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The Windows Subsystem for Linux (WSL) is intended for use on software developers' computers and for test environments. However, it is not suitable to run Linux applications for productive use. This is true even if you install WSL on the server.
Closer integration of WSL with Windows ^
The special advantage of the Linux subsystem is its close integration with Windows. This allows native Linux programs in Executable and Linkable Format (ELF) to start unmodified from the Linux shell. These programs can then access the file system of Windows and the network.
However, because of the differences between the systems and the architecture of WSL, constraints and inconsistencies are not entirely avoidable. This applies, for example, to accessing the hardware in the Linux environment, where the content of /dev is quite limited.
In contrast to Windows, Linux has case-sensitive file names. And it uses only \n for line breaks, while Windows uses \r\n. In addition, Linux has its own user and rights management.
The last update brought some improvements. Notepad can now correctly display line breaks in files created with Linux programs.
In addition, it is now possible not only to mount volumes as case-(in)sensitive but also to mark individual directories accordingly as well.
This is possible from within the WSL and also from Windows on volumes mounted with drvfs (e.g., the Windows C: drive under /mnt/c). On the Linux side, the commands used are getfattr (to display) and setfattr (to change). Under Windows, these commands serve the same purpose:
fsutil.exe file queryCaseSensitiveInfo <Path> fsutil.exe file setCaseSensitiveInfo <Path> [enable | disable]
As a further integration of the WSL, holding down the Shift key and right-clicking on a directory with the mouse can now start the Linux shell directly from the File Explorer.
Since build 18342 of Windows 10 1903 you can now navigate through the directory tree of the Linux distribution with the Explorer. It is mounted under the UNC path \\wsl$.
Accordingly, you can also use this command in PowerShell to change to an Ubuntu installation:
In the newest version, the user has several Linux distributions to choose from. Initially only Ubuntu was available. Since the individual distributions are installed as Appx packages, you can run Ubuntu, Debian, and SuSE side by side.
WSL is still limited to programs for the command line because it doesn't include an X server. As a pure console environment, the subsystem can also function under Server Core. You can install one of the freely available X servers yourself, but there’s no support for this. If you need GUI programs for Linux, I recommend using a virtual machine.
Installing WSL ^
Adding a Linux environment is quite easy under Windows 10. Activate the feature in the Control Panel, restart the computer, and then fetch the desired distribution from the Microsoft Store.
If the WSL feature is not available for selection, you are probably using a 32-bit version of the OS instead of the required 64-bit version.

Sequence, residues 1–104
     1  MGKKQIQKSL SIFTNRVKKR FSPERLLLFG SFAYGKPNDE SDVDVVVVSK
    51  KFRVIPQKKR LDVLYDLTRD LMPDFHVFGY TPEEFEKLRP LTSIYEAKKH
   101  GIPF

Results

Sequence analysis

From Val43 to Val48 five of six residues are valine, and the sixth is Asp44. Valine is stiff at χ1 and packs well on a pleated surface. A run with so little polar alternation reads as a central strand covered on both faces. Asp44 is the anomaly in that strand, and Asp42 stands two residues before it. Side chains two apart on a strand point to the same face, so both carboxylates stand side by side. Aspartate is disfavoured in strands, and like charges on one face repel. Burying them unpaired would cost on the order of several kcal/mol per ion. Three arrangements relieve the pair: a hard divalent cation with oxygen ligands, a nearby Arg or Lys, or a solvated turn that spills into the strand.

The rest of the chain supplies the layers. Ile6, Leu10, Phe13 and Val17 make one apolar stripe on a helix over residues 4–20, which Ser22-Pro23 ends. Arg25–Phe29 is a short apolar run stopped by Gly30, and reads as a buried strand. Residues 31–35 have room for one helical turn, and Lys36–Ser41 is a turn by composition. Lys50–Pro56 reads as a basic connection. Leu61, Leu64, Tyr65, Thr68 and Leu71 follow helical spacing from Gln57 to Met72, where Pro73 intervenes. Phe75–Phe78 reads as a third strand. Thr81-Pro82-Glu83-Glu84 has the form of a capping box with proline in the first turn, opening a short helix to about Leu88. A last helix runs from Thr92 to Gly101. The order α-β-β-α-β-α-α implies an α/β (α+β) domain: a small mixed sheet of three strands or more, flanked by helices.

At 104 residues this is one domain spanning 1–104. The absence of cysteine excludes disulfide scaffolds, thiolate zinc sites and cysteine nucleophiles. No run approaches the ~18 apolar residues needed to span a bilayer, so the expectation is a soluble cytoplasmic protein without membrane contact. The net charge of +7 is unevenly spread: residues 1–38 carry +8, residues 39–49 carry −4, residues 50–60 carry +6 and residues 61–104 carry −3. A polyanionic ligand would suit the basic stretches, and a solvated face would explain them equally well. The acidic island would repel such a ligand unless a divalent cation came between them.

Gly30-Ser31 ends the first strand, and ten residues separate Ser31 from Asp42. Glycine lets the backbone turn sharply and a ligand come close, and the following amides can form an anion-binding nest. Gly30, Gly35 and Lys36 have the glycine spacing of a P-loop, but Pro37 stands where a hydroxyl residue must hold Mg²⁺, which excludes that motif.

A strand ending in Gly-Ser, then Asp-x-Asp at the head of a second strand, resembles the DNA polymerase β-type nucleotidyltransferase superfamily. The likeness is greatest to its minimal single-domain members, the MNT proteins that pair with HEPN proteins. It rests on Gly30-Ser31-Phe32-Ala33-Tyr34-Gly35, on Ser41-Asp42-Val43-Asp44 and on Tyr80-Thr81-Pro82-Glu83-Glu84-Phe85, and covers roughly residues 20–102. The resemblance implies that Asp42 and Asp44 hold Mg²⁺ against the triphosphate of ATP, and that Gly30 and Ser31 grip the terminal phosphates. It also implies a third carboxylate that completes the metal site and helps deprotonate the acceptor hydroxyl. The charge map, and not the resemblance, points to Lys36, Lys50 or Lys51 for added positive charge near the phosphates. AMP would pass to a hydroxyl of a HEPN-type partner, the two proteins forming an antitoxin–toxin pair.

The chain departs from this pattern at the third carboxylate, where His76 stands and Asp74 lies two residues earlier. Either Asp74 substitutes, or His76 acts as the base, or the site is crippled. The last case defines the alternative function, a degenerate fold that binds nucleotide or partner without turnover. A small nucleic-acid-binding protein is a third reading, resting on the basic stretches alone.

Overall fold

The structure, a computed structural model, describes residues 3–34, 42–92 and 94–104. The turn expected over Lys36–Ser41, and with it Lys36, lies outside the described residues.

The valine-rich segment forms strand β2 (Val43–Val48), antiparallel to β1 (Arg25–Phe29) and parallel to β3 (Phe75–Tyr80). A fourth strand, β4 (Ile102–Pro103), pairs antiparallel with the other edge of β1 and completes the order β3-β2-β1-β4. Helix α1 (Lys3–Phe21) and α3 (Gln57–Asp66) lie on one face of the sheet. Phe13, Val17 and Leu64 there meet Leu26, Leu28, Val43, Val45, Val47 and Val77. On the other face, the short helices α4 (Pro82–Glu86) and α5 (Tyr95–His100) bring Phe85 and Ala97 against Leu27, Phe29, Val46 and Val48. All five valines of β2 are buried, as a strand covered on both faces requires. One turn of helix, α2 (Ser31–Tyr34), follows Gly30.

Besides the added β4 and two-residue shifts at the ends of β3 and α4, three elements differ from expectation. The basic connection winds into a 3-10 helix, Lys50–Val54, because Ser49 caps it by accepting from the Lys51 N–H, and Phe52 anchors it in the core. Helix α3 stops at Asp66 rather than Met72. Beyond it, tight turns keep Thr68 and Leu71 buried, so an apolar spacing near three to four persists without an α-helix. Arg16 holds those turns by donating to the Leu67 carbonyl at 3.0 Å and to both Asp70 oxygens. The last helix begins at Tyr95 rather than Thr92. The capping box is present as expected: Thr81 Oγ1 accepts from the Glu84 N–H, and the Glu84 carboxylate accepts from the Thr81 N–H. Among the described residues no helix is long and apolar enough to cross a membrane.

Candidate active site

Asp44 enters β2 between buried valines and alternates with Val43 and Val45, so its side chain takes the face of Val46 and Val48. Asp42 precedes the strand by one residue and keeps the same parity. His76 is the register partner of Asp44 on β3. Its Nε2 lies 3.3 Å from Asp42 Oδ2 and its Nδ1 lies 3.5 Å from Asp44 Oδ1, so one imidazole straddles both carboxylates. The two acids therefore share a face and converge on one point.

This procedure does not work for Windows 10 LTSC and Windows Server because the Store app is missing. Therefore, you have to download the Appx package and install it yourself.
There is no web browser available under Server Core, and you can only activate the feature via the command line. Hence you would use a pure PowerShell solution in this case, which of course also works everywhere else.
To add the subsystem in a PowerShell session with administrative privileges, issue this command:
Enable-WindowsOptionalFeature -Online -FeatureName Microsoft-Windows-Subsystem-Linux
Under Windows Server 2019, the following cmdlet works as well:
Install-WindowsFeature -Name Microsoft-Windows-Subsystem-Linux
Downloading a distribution ^
After the mandatory restart, you can download the desired distribution. You do not need administrative privileges to install the distribution because this takes place in the user's profile. The download links are:
- Ubuntu 18.04: https://aka.ms/wsl-ubuntu-1804
- Ubuntu 18.04 ARM: https://aka.ms/wsl-ubuntu-1804-arm
- Ubuntu 16.04: https://aka.ms/wsl-ubuntu-1604
- Debian GNU/Linux: https://aka.ms/wsl-debian-gnulinux
- Kali Linux: https://aka.ms/wsl-kali-linux
- OpenSUSE: https://aka.ms/wsl-opensuse-42
- SLES: https://aka.ms/wsl-sles-12
You can use curl.exe or the Invoke-WebRequest cmdlet to download. For example, to get Ubuntu 18.04, you would enter this command:
Invoke-WebRequest https://aka.ms/wsl-ubuntu-1804 -out ubuntu.zip -UseBasicParsing
It then saves the Appx package as a .zip archive, so you don't have to rename the file extension subsequently. The UseBasicParsing switch allows PowerShell to bypass Internet Explorer.
Downloading and unpacking Ubuntu 18.04 for WSL in PowerShell
In the next step, you unpack the .zip file by typing this command in the desired installation directory:
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Now change to the folder ubuntu and execute ubuntu1804.exe. The following process takes a few minutes, and after creating a user and selecting a password, you will end up at the prompt of the Linux shell.